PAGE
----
To prepare, my host mother offered to loan me on of her sister’s Yukatas from when they were children.  She knew that I had always wanted to try one on and was more than happy to assist me in the fine art of tying.  


Unfortunately, “Yukata is not made for those with such nice curves” according to my host mother lol so, after putting on the dress and before tying the bow, we had to make some adjustments.  It took 3 rolled towels, a piece of cardboard, and a few bandages before I was able to flatten out my sides to make for a pretty bow.  This however made it very hot to wear along with it already being hard to walk in.  Still I wanted to fully commit to the occasion.



After we were all finally dolled up and ready to go, we took a cool cab to the train station.  This cab’s doors open automatically for you before you enter.  I felt like such a tourist staring at the door in awe. 

Then we joined the hundreds of people on the trains to the Showa Kinen National Memorial Park.

These were by far the biggest and best fireworks I had ever seen.  Each had its own presenter who named the awards that each showcase had won in competition.  I was amazed.  It was much bigger than the rinky-dink shows thrown together in New York for the 4th of July.

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There were so many different designs and shapes from bows, to sunflowers.  Some that glittered and some that popped.  It kept us entertained.



















Festivals and fireworks are a huge part of the summer culture in Japan, so whenever you can, be sure to venture out to one and experience it yourself!

















Again, it is simply amazing! So do it!

Conquering Fujisan (Mt. Fuji)

Since I arrived in Tokyo, set free to travel and do everything my heart desires, I have been living by the best piece of advice our advisor Shannon has given us.  She basically told us that if there is something on our bucket list or “things to do in Japan” list that some people might not be interested in, still does it!  Wee may regret it if we don't. 

This quickly started my list of things I want to do before I leave Japan.  At the top of this list was the ambitious goal of climbing Mount Fuji.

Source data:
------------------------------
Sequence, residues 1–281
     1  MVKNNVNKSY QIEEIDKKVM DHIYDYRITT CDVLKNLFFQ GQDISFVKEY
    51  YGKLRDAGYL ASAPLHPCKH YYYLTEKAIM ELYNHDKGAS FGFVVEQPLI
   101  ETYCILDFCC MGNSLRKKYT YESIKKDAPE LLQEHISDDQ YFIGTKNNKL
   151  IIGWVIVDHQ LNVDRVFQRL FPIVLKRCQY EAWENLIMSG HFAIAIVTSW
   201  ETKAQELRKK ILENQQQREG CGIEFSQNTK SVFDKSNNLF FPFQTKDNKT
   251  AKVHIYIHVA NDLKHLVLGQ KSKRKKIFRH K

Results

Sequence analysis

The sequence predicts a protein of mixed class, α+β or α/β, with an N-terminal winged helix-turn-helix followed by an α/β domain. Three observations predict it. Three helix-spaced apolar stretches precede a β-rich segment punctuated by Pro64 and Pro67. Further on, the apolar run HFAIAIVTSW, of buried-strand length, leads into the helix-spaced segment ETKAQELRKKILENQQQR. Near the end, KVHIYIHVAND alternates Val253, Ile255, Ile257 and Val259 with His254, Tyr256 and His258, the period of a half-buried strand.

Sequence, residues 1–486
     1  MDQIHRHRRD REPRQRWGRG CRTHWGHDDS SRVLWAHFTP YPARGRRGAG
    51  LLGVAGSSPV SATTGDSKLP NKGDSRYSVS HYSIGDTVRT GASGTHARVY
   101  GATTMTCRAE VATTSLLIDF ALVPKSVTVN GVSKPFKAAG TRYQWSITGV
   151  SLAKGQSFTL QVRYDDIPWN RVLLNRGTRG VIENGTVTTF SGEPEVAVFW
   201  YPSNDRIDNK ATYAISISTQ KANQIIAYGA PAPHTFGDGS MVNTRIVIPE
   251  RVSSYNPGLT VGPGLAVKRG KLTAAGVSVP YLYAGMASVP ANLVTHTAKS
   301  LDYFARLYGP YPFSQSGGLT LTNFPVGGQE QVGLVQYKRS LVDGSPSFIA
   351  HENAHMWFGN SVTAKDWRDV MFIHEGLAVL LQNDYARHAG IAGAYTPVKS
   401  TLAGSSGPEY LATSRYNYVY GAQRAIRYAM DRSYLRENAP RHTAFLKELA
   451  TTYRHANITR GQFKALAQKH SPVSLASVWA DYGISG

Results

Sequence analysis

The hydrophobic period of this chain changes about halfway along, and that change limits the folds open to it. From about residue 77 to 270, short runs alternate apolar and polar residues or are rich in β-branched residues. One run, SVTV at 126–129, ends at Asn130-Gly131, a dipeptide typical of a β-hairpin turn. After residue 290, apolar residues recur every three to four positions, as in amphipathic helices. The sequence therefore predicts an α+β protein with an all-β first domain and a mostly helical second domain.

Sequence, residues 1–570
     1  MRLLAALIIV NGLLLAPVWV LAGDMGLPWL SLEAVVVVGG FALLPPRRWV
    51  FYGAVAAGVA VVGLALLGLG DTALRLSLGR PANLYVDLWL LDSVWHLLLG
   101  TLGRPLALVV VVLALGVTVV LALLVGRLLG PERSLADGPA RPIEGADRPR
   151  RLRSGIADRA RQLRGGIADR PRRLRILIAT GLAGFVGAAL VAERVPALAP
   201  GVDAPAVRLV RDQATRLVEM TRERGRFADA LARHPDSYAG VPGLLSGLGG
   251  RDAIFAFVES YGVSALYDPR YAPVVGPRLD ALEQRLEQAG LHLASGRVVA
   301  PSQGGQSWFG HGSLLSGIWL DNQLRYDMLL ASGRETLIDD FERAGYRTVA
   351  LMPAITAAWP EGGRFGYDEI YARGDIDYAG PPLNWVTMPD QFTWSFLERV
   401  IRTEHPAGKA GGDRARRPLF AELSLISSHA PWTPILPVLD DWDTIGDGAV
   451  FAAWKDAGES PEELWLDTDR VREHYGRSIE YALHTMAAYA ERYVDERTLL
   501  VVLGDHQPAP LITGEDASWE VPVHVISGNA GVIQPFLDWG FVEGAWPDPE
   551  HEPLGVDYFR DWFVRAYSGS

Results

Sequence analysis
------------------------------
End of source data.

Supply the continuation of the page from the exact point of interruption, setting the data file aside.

(For those who may not know, Mount Fuji is the highest mountain in all of Japan at a whopping 3,776.24 m tall.)


We had been told that a few of the spring students climbed so I knew I could do it, just needed to figure out with whom, when, and how.  Here is the dramatic story of how I conquered the mountain.

The Plan 

As time passed and people lost interest in climbing with me, I finally decided to go during my last weekend in Tokyo.  I would have to start making my way to the mountain after class on Saturday to see the Sunday morning sunrise and make it back down in time to rest for class on Monday (or so I thought) Of COURSE this was not only during climbing season of the summer, but the peak day of Obon week which is a holiday time dedicated to ancestors which pushes many Japanese people to venture home and to climb Mt. Fuji!  Yet still, I will climb.

I asked a few of the students that have climbed before to get the details on what I would need for a night climb and it came down to this which I barely had to spend money for 


-       Hiking Boots! (An expensive necessity even though I saw some natives hiking in Nike’s and Vans O.O)

-       Thick socks (or multiple layers) for the cold

-       Food (Onigiri is best since it is a great source of energy)

-       WATER!  (Went through so many bottles on the mountain)

-       Flashlight/head lamp

-       Rain jacket/poncho

-       Regular Jacket, sweaters, layers of clothing

-       CASH MONEY!  Bring as much as you can!  No cards are accepted.

Most of these items I borrowed from friends and my host parents so I was good to go.  Now I just needed someone to go with.  Day of the trip, I found out that none of the people I planned on climbing with wanted to go but luckily one student volunteered to go with me.

Were Off!.. I think

We get to the Shinjuku bus station and to my surprise; the ticket booth does not accept cards!  I mean, its in Shinjuku, was I wrong for thinking they were somewhat advanced?  Well there went most of my spending cash for the mountain.  Since they only sell tickets One-way, the person I was climbing with agreed to pay for my return ticket since I wouldn't have enough cash and I would repay him once we found an ATM.